When I give a individual file public access and then revoke it, even after 5 mins of revoking the access the file is accessible. Why is it so ?
Note: In general, any policy changes will take effect within 60 seconds. However, under certain circumstances, it may take up to 7 minutes for such changes to fully propagate across the system.
But in my experience, this is usually not the cause of what you’ve described.
Usually, I think what causes this is that something along the way has cached the file so Google is not actually being asked for it, when you refresh. Think about the data flow. If your browser–or a computer-level cache, or a corporate proxy, or something–1) remembers that you recently requested this file, 2) has a copy of that file, still, and 3) doesn’t think it needs to check for a new version, yet, then it will just give you back the same one it successfully got (because it was authorized), last time, and the request for the now-blocked file does not get to Google.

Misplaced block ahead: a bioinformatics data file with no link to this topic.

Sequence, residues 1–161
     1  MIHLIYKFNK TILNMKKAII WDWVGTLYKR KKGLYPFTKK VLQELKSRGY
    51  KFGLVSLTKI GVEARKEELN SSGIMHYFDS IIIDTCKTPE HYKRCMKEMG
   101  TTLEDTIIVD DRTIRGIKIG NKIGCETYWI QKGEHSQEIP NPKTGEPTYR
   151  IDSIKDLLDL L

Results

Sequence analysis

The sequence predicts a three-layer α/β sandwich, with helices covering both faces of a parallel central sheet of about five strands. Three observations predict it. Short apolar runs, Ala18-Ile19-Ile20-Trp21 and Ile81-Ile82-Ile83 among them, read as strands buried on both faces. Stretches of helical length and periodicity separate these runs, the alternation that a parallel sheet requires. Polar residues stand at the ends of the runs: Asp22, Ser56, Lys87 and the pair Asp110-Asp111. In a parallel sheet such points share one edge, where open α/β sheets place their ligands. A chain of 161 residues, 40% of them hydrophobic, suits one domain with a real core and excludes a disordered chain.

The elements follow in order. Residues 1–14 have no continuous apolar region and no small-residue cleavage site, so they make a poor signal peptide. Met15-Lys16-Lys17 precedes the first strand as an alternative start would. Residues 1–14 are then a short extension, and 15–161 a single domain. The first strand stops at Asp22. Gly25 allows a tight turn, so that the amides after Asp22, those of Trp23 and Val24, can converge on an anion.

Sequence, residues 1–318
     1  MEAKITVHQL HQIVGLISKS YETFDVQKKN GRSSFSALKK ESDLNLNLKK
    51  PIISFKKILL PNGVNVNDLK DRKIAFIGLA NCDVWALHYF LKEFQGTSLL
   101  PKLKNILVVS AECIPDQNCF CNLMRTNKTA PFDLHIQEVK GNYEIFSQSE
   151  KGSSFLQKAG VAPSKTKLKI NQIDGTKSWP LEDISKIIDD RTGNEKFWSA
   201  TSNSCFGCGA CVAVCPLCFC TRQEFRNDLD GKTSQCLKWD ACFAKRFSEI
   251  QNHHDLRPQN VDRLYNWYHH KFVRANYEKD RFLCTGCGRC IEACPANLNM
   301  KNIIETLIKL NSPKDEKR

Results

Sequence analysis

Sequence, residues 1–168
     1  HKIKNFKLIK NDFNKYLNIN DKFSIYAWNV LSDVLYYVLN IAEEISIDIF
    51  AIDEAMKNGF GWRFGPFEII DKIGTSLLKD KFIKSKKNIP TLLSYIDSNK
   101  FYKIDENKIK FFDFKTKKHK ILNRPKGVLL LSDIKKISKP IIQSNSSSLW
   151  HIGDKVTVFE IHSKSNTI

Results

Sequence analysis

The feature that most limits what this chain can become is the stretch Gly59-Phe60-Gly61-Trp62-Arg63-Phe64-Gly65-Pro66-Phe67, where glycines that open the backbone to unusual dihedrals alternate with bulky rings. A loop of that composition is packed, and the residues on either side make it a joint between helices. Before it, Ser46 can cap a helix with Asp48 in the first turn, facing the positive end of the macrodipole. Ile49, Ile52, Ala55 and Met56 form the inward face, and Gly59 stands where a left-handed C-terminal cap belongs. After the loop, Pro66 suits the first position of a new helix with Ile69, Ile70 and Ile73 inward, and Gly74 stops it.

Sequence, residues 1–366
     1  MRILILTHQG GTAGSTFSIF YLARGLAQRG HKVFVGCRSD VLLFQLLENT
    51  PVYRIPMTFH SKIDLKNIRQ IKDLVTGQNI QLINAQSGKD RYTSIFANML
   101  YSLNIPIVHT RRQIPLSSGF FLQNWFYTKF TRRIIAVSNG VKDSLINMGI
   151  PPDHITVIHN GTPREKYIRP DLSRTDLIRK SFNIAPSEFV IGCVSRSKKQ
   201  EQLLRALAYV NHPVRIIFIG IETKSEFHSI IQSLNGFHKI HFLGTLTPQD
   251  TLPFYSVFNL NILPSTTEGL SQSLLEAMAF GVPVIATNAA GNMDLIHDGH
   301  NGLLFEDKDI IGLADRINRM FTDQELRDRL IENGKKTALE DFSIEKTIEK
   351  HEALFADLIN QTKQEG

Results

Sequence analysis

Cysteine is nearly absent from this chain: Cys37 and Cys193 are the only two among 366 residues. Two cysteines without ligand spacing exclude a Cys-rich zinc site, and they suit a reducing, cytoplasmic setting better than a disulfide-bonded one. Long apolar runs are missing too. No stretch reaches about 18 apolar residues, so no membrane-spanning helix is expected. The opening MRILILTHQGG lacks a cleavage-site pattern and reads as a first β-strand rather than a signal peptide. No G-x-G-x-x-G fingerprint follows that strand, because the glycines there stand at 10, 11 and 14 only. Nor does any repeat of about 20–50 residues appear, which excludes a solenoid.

To avoid caching like this, you can again think of the data flow and try to access the file in some way that avoids it. For example, if you think your Firefox browser may be caching it, try using Chrome, instead. Or if you think that a corporate network proxy might be the culprit, then try connecting with a non-corporate device from a non-corporate location.
Another (maybe easier) thing you can do is to signal that you want a freshly requested copy of the file. If you open Chrome’s developer tools, there’s a checkbox on the "Network" tab that says to "Disable cache". Next time you hit this situation, if you turn on that checkbox and re-request the file, does it more-quickly show you that the access has been revoked?
I’m curious to hear back about what you find. Please let us know! 🙂